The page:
Alan Diehl didn’t wake up one day and decide he no longer believed in God. There was no great plan to disappoint his parents and shock his congregation by renouncing the religion in which they were all so entrenched.
“To me, it was internal inconsistencies, the doctrine we followed,” said Diehl, 36, of Cedar Rapids, a former pastor in the Fundamental Baptist Church. “These questions just kept popping up.”
Diehl is a founding member the Humanists of Linn County and represents that organization on the Inter-Religious Council of Linn County. The Humanist organization is made up of those with nontheistic views — atheists, agnostics, secularists — who hold a comprehensive world view and a set of ethical values.
While Diehl now is active in the atheist/Humanist community, his religious path was laid out for him early. His parents took part in “the Jesus Movement” in the late 1970s, leaving the Catholic Church in 1980 and joining a Fundamental Baptist congregation just a few months before their son, Alan, was born.
At a church conference in Indiana, at the age of 14, Diehl “answered the call” to dedicate his life to Christ and become a Baptist minister. After high school, he received his degree in theology from a small, non-accredited college in Elgin, Ill., where he met his future wife. They got married and had their first child when Diehl accepted a call to be an associate pastor in Plattsmouth, Neb.
It was there, he said, that the questions really started coming. In particular, he said, was the age at which a child becomes accountable to God and when that child would be given a place in heaven. There was no clear answer, and families were left to determine on their own “when they would push their child to accept Christ.”
“It was upsetting to me that we would leave to chance when a child is accountable to God,” Diehl said. “So a parent could have a child who hadn’t yet accepted Christ, be struck by a car and killed, and then that parent is worried that their child is burning in hell.”
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“Here I was in a position of authority, meant to be answering these questions, and I had questions myself,” Diehl said. “I was at a crossroads.”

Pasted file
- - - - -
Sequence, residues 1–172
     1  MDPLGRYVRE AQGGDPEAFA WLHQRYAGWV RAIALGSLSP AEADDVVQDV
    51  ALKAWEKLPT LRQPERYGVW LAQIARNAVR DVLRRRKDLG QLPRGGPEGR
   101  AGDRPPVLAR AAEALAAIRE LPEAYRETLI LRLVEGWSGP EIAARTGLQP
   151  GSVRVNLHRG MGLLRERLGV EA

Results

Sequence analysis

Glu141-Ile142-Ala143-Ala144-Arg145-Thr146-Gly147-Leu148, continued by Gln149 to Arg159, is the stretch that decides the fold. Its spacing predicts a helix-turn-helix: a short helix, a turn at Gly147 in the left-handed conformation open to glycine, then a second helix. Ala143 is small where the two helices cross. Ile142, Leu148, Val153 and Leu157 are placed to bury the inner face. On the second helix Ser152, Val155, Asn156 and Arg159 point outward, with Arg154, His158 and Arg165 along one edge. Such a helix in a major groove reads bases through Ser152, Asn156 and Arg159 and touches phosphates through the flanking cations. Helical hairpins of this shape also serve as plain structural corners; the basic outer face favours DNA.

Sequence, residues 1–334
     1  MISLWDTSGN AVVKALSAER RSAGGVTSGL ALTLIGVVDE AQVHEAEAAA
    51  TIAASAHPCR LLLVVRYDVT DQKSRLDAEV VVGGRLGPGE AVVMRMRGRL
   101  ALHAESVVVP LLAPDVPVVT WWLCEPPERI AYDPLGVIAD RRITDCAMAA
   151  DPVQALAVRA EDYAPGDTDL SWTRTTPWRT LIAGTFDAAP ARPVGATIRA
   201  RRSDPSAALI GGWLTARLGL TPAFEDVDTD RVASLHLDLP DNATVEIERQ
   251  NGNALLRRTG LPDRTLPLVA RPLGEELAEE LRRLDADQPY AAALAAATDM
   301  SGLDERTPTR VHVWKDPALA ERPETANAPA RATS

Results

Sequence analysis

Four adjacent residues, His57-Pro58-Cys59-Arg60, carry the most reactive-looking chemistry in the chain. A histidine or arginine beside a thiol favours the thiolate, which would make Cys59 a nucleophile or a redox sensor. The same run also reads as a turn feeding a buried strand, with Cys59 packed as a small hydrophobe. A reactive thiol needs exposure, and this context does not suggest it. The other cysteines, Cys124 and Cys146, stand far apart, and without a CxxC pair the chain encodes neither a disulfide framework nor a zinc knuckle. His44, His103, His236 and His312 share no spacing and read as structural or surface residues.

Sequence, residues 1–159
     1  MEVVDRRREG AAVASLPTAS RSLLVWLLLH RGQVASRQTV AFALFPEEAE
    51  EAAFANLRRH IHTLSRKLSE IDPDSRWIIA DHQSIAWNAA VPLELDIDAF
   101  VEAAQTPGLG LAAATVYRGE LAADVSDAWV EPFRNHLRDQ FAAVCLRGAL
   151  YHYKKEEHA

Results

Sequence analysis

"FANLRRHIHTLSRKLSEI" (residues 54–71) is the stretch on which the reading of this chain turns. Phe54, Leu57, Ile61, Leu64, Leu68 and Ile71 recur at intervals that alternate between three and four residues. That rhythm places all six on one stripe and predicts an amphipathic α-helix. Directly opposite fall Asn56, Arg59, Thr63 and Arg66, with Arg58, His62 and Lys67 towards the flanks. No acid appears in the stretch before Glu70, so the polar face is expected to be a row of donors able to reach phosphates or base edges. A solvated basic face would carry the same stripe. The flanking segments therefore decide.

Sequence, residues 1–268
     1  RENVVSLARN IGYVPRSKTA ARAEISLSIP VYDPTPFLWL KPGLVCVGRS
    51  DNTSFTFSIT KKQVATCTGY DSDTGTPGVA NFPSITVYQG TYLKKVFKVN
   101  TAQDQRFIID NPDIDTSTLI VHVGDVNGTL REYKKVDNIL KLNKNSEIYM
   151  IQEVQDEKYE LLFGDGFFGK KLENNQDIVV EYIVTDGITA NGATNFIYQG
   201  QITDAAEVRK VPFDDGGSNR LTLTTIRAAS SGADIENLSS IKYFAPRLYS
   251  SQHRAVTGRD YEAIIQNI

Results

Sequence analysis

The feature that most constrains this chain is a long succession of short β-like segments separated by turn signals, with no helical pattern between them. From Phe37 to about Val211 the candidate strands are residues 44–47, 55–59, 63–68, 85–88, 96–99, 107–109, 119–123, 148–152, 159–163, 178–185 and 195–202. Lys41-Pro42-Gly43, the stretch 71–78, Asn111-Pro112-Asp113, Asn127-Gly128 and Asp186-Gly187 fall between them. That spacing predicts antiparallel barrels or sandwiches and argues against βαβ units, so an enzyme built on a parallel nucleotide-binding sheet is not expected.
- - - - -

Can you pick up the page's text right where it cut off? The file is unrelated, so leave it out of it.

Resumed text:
He turned to books written by authors such as Richard Dawkins and Sam Harris — “I’d hide these books inside another book while reading them so I didn’t get caught,” he said — and started questioning himself.
“I started to wonder, ‘Am I being authentic? Am I being real,’” he said. “I remember the senior pastor preaching about being an authentic Christian, and if you’re not, you should get out. I know he wasn’t talking directly to me, but it really hit home.”
The next day he told his senior pastor he was having a crisis of faith. While that was a difficult conversation, he said, it paled to having to tell his father.
“To say you have questions about your faith and you really need to re-evaluate it, that’s a really difficult thing,” he said. “When you’re in that world, it’s as real as real can be. I had some very, very tense conversations with my father.”
Diehl and his family moved back to Cedar Rapids in 2008 where, he said, he started “this crazy de-evolution of my life.”
“I had never drank, I never smoked, or listened to rock music,” he said. “I wanted to try all those things just because I could. I moved back and thought, ‘You know, I’m kind of free now.’”
At the time, Diehl still held onto some of his religious beliefs, but in spring 2009, he said, it was the beginning of the end of his religious affiliation.
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“I had gone to an Easter service and it was all about the resurrection,” he said. “I found myself thinking, ‘What evidence is there, really, that this really happened?’ Then it struck me. I didn’t think we should go to church anymore.”
It’s been seven years since he’s been to church, or believed in God or any higher being. He doesn’t judge others on their beliefs or lack thereof — many of his friends, he said, are very religious.
“I never really had that bitterness toward the religious community,” he said, something that makes working with the Inter-Religious Council seem more natural. It’s all part of who we are as Humanists.
“Part of being good without God is partnering with people you don’t necessarily agree with.”